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March 25, 2010

Ada Lovelace Day: Who Do We Think Are Great Women in Technology?

Yesterday was the day to celebrate the life of Ada Lovelace, one of the first female computer engineers.

Ada Lovelace Day began as a way to tout the success and inspiration of women in technology - so we asked some of the women of Ask.com to write a bit about the women that inspired them to take up their careers in technology - or that keep them interested in this field.

Valerie Lanard, Software Engineering Manager

I was inspired by the many amazing women around me at University of California, Berkeley's School of Information. There were two truly fearless and amazing female professors - Marti Hearst, a pioneer in search algorithms as well as translating information systems into usable user interfaces, and Pam Samuelson, who introduced me to the complex interactions between technology and law.  The student body itself was half women, technology leaders in their own right who came together from all over the country.  It was an amazing environment, where we were driven by the power of our collaboration rather than pure competition.  I had no idea how perfect the preparation would be for working at Ask.

Christine Vonderach, VP UK Product & Technology

The strength of women in technology resides not only in our ability run and lead technical organizations, but in our ability to shape the future applications, especially social technologies.  Women excel in connecting others and building networks – older generations may think of it as groups like PTOs,  or local book clubs.  But now, as social media moves to the top of the technology world, it allows individuals or groups to be influential over wider geographies, thus increasing the impact that each individual woman is capable of.  This is what inspires me…each woman making a big difference by using technology as a facilitator and making sure that she knows what is possible.

How can we build technology and applications to create opportunities on a massive scale?  Things like...expanding hobbies into careers using sites like etsy.com …empowering women in remote locations to participate in the worldwide stage through companies like Samasource …enable helping others who aren’t in our physical neighborhood via sites like Ask.com that make it easy to find ways to help when disaster strikes or sites like chipin.com where you can gather funds to meet goals.  Additionally, as a mother, I am inspired each day by my children who see technology in a new and fresh way – they see the world in a way that incorporates technology seamlessly with everything they do – no instructions necessary.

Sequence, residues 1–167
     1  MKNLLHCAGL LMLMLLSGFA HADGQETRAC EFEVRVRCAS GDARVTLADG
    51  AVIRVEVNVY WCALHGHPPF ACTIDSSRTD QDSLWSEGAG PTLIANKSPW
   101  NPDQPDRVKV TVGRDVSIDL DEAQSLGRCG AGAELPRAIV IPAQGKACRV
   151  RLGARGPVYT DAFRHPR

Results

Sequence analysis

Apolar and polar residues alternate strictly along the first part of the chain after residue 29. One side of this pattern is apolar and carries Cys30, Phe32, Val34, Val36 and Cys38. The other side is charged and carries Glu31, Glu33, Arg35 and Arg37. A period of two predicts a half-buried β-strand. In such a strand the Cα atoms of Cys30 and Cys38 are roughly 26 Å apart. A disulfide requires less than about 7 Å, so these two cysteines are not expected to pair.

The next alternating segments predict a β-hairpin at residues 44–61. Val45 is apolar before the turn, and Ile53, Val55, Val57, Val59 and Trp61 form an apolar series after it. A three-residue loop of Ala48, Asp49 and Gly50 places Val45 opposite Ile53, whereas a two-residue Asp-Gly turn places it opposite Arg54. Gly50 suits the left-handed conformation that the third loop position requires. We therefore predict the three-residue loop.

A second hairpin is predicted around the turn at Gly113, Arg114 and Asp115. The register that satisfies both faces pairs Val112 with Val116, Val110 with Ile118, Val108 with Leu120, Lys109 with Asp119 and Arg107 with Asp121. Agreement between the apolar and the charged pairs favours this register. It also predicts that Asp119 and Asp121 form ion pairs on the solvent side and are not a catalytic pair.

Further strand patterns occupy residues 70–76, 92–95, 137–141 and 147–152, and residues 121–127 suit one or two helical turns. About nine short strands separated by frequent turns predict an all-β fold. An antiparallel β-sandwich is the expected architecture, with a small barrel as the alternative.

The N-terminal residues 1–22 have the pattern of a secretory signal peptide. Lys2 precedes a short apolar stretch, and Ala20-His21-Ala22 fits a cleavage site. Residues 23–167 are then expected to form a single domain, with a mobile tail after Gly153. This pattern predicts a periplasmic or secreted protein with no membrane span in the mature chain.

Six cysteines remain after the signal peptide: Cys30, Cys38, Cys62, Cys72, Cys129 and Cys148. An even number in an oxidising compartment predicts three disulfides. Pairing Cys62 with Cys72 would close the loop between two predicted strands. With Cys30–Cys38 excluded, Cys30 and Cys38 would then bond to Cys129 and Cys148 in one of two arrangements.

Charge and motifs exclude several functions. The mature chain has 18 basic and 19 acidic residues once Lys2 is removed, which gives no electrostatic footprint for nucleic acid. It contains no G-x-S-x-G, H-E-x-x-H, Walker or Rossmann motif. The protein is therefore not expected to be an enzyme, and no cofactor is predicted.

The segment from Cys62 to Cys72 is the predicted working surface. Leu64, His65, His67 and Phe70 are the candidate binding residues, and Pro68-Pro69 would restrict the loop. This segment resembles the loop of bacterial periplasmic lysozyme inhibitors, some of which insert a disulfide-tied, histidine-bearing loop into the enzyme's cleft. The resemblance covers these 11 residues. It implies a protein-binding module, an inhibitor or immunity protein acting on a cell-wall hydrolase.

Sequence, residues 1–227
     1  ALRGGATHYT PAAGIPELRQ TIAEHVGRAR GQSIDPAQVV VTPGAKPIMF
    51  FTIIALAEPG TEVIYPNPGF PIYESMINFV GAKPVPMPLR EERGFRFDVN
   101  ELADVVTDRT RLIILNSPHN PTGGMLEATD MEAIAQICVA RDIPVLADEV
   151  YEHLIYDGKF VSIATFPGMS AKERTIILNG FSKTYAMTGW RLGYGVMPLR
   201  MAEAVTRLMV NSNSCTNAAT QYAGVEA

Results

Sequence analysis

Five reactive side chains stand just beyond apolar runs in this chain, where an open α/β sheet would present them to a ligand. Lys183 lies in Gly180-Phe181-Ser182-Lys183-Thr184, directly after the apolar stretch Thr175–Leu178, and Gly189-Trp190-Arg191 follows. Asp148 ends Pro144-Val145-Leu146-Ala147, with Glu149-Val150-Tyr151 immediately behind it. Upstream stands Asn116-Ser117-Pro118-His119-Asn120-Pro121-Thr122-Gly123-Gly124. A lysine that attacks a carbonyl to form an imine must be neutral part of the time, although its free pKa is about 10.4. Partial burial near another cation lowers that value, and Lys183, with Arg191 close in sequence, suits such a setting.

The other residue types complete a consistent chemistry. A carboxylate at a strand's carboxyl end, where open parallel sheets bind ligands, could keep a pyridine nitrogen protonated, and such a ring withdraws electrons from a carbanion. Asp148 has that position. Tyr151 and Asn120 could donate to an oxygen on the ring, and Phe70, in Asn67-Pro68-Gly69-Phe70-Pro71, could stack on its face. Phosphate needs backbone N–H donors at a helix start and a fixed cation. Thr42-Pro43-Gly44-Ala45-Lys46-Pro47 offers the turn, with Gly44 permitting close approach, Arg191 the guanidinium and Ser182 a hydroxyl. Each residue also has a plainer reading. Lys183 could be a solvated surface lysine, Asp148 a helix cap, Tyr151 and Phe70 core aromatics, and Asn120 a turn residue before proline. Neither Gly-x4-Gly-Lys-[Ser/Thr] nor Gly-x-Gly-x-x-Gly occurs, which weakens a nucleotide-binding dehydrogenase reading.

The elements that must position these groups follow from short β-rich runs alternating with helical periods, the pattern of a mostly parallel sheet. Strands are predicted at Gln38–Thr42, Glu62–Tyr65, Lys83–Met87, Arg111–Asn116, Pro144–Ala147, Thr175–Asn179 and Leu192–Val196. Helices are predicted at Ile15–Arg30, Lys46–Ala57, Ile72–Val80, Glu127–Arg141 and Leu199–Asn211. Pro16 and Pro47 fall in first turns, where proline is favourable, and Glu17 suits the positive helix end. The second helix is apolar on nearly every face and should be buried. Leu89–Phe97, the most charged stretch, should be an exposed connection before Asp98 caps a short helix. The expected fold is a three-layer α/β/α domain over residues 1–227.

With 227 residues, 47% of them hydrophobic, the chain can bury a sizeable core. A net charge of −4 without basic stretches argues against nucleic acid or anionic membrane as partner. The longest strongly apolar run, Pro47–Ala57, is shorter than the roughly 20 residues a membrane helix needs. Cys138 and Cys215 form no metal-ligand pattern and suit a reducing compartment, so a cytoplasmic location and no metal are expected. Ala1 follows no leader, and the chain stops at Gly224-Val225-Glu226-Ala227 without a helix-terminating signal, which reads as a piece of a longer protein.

The role of women in technology is not limited just to those of us who chose careers to build it but, as social technologies become more and more mainstream, women are poised to be the driving force behind what succeeds - making the world a better place in the process.

Lisa Kavanaugh, VP Technology

I was actually inspired by the LACK of women role models that I encountered in my education/career. I was inspired by my mom who went to medical school as a single mother, by my high school friend a year ahead of me who majored in civil engineering, by the tiny percentage of women in my computer science program, and the challenge of being one of the few women who made it through and graduated with a computer science degree.

I am inspired on a daily basis by the women I work with at Ask.com.  Smart, strong, powerful women from all different backgrounds who come together to solve challenging problems and contribute in a passionate way.  But most of all, I am inspired by the young girls who, because of the many women who have blazed a path before them, can say without hesitation "I want to be a Software Engineer" when I grow up. Or...as my best friend's daughter says "I want to be a Computer Girl like Mom's friend Lisa".

Carla Borsoi, VP Community

I continue to be inspired by the women around me who use technology in different ways, whether it’s using it to create a from-the-ground-up business (Willo O’Brien) or to help musicians connect with their fans (Corey Denis), or how to help non-profits and NGOs use technology to better help people (Rachel Weidinger). These three women constantly amaze me with the way that they think about using technology to do new things and bring people together.

How does Ask.com fare with females? Our total workforce is 26% female, but women constitute 32% of those with a title of VP or higher. We've created, in Lisa's words, a place to come together to solve challenging problems.

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Opinions expressed here and in any corresponding comments are the personal opinions of the original authors, not of IAC Search & Media and may not have been reviewed in advance.

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